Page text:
Where does ocean pollution come from?
Ocean pollution generally begins on land, but it can also begin as air pollution. On land, there is something called runoff, which produces nonpoint source pollution. Runoff flows into the oceans, taking fertilizer, chemicals, and pesticides with it. According to the National Ocean Service, nonpoint source pollution occurs in nearly everything we use in the day to day: cars, trucks, boats, farms, ranches, septic tanks, and more. It can be small, or it can be big. When vehicles drip oil onto the roads and parking lots, even that pollution makes its way into our oceans. You see? Ocean pollution comes from literally everywhere. This is an example of chemical pollution finding its way into our oceans. But while chemical pollution is a big issue, trash is a significant problem, too.
Trash (particularly plastic, such as plastic bags) can accidentally find its way into our oceans, even if it was disposed of “properly.” For example, plastic bags can blow away from landfills, garbage trucks, or dumpsters, eventually making their way into the water. Marine life can get stuck in these plastic bags or mistake them as food, causing harm to both the marine animals themselves and humans. (The issue with humans happens when we eat the fish who consumed the plastic.)
How does pollution affect the ocean?
Ocean pollution definitely affects humans, but most importantly, it directly affects the ocean itself. The ocean is an ecosystem, so when the ocean is polluted, natural processes, marine life, oxygen supply, and water supplies are all compromised, too.
Ocean pollution is particularly dangerous to marine life. Fish can get tangled and hurt in plastic debris, or they can mistake plastic for food and swallow it. As plastic breaks down smaller and smaller (but never actually biodegrades), smaller organisms feed on these microplastics, then bigger animals feed on these small organisms. The entire food chain gets infiltrated by microplastics and then when humans eat seafood, we ingest some of those microplastics as well.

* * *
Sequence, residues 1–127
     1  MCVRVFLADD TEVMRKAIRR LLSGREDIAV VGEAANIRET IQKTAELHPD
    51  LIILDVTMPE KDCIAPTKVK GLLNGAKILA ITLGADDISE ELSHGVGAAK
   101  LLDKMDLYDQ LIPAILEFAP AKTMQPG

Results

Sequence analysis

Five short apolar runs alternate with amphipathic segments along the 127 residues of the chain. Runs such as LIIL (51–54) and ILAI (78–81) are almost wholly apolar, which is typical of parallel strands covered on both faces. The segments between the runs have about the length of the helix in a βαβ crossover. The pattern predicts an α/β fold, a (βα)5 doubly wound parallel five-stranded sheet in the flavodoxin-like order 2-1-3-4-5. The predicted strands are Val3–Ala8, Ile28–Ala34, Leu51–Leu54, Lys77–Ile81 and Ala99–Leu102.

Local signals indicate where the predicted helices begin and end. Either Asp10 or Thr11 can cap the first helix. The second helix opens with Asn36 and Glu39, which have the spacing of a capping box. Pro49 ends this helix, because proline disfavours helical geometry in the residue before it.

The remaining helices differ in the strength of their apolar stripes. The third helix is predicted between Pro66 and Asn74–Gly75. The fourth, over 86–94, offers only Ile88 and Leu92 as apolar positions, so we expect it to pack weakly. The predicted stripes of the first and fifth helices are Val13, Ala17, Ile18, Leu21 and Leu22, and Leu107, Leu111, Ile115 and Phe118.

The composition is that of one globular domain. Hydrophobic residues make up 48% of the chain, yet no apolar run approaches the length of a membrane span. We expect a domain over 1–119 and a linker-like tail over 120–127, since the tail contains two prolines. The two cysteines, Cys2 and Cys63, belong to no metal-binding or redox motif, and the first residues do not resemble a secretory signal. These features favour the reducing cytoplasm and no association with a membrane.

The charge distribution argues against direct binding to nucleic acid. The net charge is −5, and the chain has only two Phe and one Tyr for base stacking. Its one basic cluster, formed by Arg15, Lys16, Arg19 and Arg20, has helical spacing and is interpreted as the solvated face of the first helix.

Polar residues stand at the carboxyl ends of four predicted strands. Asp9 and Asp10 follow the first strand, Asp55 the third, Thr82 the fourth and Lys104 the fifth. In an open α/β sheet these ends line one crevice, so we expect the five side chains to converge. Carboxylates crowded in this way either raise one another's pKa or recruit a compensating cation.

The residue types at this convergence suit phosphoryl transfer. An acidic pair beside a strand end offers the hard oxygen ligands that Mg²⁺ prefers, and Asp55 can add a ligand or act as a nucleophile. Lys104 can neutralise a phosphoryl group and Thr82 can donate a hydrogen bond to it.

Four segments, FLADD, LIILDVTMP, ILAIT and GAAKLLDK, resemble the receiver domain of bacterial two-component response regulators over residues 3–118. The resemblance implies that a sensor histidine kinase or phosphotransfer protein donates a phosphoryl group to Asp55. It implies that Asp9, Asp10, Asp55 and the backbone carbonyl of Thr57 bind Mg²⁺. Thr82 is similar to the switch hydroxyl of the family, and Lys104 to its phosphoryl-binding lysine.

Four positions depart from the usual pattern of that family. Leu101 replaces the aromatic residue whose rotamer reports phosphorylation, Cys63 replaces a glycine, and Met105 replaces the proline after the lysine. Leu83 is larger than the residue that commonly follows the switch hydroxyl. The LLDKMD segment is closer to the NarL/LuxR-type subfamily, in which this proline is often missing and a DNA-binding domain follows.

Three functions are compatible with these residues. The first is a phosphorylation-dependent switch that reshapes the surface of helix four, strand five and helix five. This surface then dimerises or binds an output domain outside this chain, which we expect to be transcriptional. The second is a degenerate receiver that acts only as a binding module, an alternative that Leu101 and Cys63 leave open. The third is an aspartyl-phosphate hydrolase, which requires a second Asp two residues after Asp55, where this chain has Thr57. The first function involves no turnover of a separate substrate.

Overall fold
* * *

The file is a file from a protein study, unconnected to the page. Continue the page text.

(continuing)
Plastic pollution kills turtles, fish, marine mammals, and even birds. Somewhat indirectly, it also affects humans, too.
How does ocean pollution affect humans?
Ocean pollution affects humans because, first, ocean pollution affects marine life. When humans eat seafood that has been compromised by microplastics, we are essentially eating plastic ourselves. It’s believed that plastic exposure can lead to health complications such as infertility, asthma, and even cancer.
When chemicals find their way into our oceans, they contaminate our water supplies. Bad toxins that can contaminate water supplies include oil, mercury, lead, and pesticides. Exposure to these contaminants is known to result in infertility, damage to the nervous system, damage to the kidneys, and more.
Let’s also not forget that 90 percent of the oxygen we humans breathe is produced by marine plants. If the health of marine plants is compromised, then so is our oxygen supply. By this logic, if we keep polluting the oceans, then we are drastically cutting back on our oxygen supply.